Boom boomerangs

The beauties and the least.

The beauties and the least.  

Boom (HINDI)

Cast: Amitabh Bachchan, Jackie Shroff, Padma Lakshmi, Madhu Sapre

Dir: Kaizad Gustad

Music: Sandeep Chowta

EVER THOUGHT of finding a cure for your affinity towards Bollywood films? Well, here it comes. You watch it once, and you won't feel like going near a cinema hall in a hurry. Half an hour into this experimental Boom, you wish director Kaizad Gustad had not gone in for any experimentation, that he had stayed the usual course, that he had given us the same lost-and-found formula film. It would have given us the comfort of the predictable, the joy of knowing what to expect.

Alas! He tries to step beyond the stereotype and ends up falling flat on his face with a film that he claimed you could watch with your family. Truth to tell, it is not a film you can watch even in splendid isolation and all the familiar flexibility of norms it often brings in tow. It operates in moral anomie, one wishes it has stayed there too.

No, Boom is no experimental cinema. It is no crossover cinema. It is no parallel cinema. It is no Bollywood potboilers either. It is just a film gone horribly, absolutely horribly, awry. From snooping camera angles and rumbustious music to girls who seek to flatter you with the shamelessness of exposure and some seasoned actors like Amitabh Bachchan and Jackie Shroff ready to mouth the most vulgar of innuendos, this is one journey that takes you nowhere. Clearly, Boom boomerangs.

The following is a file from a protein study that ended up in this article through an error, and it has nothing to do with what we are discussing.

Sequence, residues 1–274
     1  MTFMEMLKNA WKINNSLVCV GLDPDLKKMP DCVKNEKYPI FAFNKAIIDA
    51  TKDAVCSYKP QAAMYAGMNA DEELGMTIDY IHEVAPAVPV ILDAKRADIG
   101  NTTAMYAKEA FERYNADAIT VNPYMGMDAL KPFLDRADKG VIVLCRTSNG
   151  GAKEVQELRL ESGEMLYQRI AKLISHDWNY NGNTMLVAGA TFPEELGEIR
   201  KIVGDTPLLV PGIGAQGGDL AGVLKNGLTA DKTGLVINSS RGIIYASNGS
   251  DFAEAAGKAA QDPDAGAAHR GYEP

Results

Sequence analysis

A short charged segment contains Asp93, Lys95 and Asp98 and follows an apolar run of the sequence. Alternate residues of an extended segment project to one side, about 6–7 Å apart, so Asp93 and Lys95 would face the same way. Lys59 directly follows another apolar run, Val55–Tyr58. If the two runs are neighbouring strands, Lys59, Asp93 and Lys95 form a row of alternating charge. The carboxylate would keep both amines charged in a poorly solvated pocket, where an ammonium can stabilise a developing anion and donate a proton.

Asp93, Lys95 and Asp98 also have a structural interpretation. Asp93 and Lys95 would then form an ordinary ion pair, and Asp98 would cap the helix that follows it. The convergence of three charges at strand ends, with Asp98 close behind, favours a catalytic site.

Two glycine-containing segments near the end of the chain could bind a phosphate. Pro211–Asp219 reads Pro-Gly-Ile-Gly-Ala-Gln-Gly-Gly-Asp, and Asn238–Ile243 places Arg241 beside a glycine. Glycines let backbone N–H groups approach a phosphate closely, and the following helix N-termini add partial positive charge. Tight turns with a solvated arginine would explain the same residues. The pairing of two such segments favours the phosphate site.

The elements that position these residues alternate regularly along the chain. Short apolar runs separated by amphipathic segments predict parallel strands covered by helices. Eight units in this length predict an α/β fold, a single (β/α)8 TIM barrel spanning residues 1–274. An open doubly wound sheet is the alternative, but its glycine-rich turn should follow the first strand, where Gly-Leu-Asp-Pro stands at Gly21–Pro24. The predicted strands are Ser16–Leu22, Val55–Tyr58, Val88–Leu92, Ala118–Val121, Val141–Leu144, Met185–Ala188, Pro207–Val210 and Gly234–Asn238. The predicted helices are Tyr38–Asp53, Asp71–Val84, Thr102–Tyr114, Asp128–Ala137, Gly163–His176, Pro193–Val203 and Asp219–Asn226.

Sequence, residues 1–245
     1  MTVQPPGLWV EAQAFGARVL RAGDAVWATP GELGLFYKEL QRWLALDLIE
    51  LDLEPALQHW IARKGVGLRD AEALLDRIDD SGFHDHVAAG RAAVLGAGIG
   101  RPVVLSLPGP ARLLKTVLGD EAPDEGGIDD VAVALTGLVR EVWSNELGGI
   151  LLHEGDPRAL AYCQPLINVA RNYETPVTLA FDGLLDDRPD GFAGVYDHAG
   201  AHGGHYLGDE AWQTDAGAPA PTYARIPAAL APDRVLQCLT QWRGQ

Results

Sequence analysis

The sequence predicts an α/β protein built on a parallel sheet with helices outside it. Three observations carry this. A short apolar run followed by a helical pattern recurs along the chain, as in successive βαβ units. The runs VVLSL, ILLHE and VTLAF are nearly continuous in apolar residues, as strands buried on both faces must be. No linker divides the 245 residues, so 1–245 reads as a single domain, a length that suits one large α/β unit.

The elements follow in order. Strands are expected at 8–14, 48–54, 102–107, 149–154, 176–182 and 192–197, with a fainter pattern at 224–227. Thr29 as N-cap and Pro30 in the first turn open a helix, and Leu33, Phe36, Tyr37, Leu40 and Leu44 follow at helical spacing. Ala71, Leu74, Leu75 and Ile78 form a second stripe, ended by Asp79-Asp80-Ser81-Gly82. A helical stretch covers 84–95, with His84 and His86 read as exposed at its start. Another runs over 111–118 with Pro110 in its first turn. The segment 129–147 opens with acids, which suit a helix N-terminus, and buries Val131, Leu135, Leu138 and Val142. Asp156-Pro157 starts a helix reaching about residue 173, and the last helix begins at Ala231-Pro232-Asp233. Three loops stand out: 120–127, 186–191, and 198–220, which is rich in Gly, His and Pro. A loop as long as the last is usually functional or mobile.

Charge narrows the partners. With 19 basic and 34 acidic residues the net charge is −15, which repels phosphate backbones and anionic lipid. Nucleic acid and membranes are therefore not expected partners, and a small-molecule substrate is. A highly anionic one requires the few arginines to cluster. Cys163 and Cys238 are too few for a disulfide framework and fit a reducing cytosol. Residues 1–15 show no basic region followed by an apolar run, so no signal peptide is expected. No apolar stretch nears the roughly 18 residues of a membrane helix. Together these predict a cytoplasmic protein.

On the face of it, the film comes with delightful possibilities. There is Amitabh Bachchan, ageing most gracefully, and as an actor bolder than ever before. Now open to experiments, now trying out something he did not at the peak of his career, he is now game for almost anything. There is Jackie Shroff too, sporting enough for novelty over last couple of years. There are Gulshan Grover and Jaaved Jaferi, under-utilised but talented in their own right.

With them is Zeenat Aman, making a comeback to the tunes of Hare Rama Hare Krishna. And then there are beauties like Madhu Sapre, Padma Lakshmi and Katrina Kaif. Enough to make you itch for the film? Well, yes. The hype helped too. And in a rare case, the constant postponement of the release date only helped in increasing the curiosity levels of eager filmgoers.

The film also has an interesting plot. It goes beyond the guy-meets-gal or the anti-hero format. Here the characters are not white. They are not grey. They are all black, quite unlike anything seen on the Hindi film screen.

That is where reality takes over. The film opens as a chase for million dollar diamonds. The diamonds had been hidden away as part of hairdo by models on the ramp. There are four men in need of those pearls. Three lovely women are in possession. None of the men is above deceit or scruples to find his way.

What could have been a fascinating game of cat and mouse degenerates into a lurid affair with frequent one-liners aimed below the belt, many shots of ribald intimacy and even those hinting at self-love. One does not have to have a degree in human behaviour to understand where Kaizad is aiming. It is sad. It is disgusting. In one word, Boom goes bust.


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